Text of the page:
October 2013


Experts At The Table: Debug


Semiconductor Engineering sat down with Galen Blake, senior verification engineer at Altera; Warren Stapleton, senior fellow at Advanced Micro Devices; Stephen Bailey, director of solutions marketing at Mentor Graphics; Michael Sanie, senior director of verification marketing at Synopsys. What follows are excerpts of that conversation. SE: There are separate areas being created in devices, s... » read more

Arteris Sells Some Of Its IP Assets To Qualcomm


Qualcomm agreed to buy Arteris’ NoC technology IP and hire some of the engineers who built it, but Arteris will continue to service that IP to new and existing customers. Under terms of the agreement, the two companies also have agreed upon a roadmap for future deliverables of the IP as well as an engineering support contract. Arteris retains the source code for the FlexNoC interconnect IP pr... » read more

Blog Review: Oct. 30


Mentor’s Nazita Saye has stumbled on a phone that you can build yourself from various components. When something breaks, you simply change out what’s broken. Wasn’t that the concept behind the original Volkswagen Beetle? Cadence’s Brian Fuller launches into the discussion about 16nm headaches, including finFET parasitics, pin access and wire resistance. Looks like the transition to f... » read more

RF SOI Market Heats Up


GlobalFoundries has entered the radio-frequency silicon-on-insulator (RF SOI) foundry business as part of an alliance with Peregrine Semiconductor. As part of the move, Peregrine is entering the RF SOI chip market in an effort to develop lower cost devices.    Peregrine is sampling the first RF switch devices based on its new RF SOI process, dubbed UltraCMOS 10 RF SOI. The 130nm technology... » read more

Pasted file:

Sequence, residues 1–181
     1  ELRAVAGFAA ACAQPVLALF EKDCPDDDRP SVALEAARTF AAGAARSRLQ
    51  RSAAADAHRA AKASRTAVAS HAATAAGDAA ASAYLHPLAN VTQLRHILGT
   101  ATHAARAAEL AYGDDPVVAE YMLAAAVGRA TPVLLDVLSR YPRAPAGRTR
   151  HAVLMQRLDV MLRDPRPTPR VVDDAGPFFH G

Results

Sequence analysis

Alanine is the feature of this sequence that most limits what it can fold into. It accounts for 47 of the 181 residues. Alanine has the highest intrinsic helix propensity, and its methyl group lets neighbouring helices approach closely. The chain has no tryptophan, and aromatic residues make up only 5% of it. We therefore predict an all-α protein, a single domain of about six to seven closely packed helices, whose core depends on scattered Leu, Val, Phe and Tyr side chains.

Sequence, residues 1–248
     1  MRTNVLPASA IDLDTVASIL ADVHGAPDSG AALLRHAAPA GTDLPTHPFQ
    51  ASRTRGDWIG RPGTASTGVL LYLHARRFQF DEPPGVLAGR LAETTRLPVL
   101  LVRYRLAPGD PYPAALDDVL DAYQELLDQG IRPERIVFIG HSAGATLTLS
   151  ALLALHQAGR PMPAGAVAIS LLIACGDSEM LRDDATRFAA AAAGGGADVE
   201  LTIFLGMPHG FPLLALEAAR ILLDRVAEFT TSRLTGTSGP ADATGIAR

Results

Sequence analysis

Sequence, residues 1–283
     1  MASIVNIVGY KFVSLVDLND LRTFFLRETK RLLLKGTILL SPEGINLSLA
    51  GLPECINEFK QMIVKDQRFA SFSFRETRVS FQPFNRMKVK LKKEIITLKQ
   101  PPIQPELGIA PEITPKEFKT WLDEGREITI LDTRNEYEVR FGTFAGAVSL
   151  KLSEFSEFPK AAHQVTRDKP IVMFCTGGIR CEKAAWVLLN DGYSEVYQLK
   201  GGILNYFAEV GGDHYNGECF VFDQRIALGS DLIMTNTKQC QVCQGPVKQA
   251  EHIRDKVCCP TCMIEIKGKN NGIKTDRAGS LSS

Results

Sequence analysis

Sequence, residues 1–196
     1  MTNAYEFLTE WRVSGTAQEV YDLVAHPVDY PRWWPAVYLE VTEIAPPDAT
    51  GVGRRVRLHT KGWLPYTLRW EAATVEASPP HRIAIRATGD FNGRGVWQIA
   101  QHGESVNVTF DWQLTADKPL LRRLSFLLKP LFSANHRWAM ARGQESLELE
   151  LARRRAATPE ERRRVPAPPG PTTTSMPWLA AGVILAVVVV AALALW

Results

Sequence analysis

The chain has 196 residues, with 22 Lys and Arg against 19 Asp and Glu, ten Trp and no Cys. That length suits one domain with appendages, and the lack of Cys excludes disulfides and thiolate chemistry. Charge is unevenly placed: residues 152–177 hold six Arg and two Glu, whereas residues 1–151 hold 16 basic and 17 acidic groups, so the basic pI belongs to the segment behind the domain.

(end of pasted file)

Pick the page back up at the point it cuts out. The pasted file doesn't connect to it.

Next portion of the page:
Power/Performance Bits: Oct. 29


Supercapacitor for electricity storage With the potential for solar cells that produce electricity 24/7 and mobile phones with built-in power cells that recharge in seconds and work for weeks between charges, researchers at Vanderbilt University have created a novel supercapacitor design with these and other applications in mind. They believe it is the first supercapacitor made out of silic... » read more

Manufacturing Bits: Oct. 29


Diamond chips The optical transistor, which transports photons, holds great promise. Photons are not only faster than electrons, but they have less crosstalk. But optical transistors are also expensive and difficult to produce. In a possible breakthrough, the ICFO-Institute of Photonic Sciences has demonstrated a “nano-size” diamond that can act as an efficient optical switch. Researche... » read more

System Bits: Oct. 29


Coupling photons with electrons With the potential to lead to the creation of materials whose electronic properties could be “tuned” in real time simply by shining precise laser beams at them, researchers at MIT have produced and measured a coupling of photons and electrons on the surface of an unusual type of material called a topological insulator. This type of coupling had been predicte... » read more

Temporary Bonding, Debonding Remains Challenging For TSV Adoption


By Jeff Chappell One issue with the adoption of TSVs in 3D ICs in mainstream semiconductor applications revolves around the throughput of the temporary wafer bonding and debonding process. This doesn't necessarily equate to a roadblock, but work certainly remains to be done on this and related issues. On one hand, TSVs already are being used in the manufacturing of compound semiconductors ... » read more

Uncertainty, But Not Over Power


The semiconductor industry has reached a crossroads. Lithography has stalled out, NRE is rising, and chipmakers are torn between choices of when and whether to jump to the next process node—and even more daunting, the next one after that—or whether to take half steps with fan outs, 2.5D, or fully depleted SOI. While chips do continue to tape out, the number of critical choices that need... » read more

Week In Review: System-Level Design


Mentor Graphics unveiled an embedded hypervisor for automotive infotainment systems. This is a Type 1 hypervisor, meaning it runs next to the metal and below the OS. In contrast, Type 2 hypervisors run above the OS. Mentor’s hypervisor supports multicore processors and ARM’s TrustZone security. Synopsys rolled out Ethernet controller IP for the data center, focused on energy efficiency a... » read more

← Older posts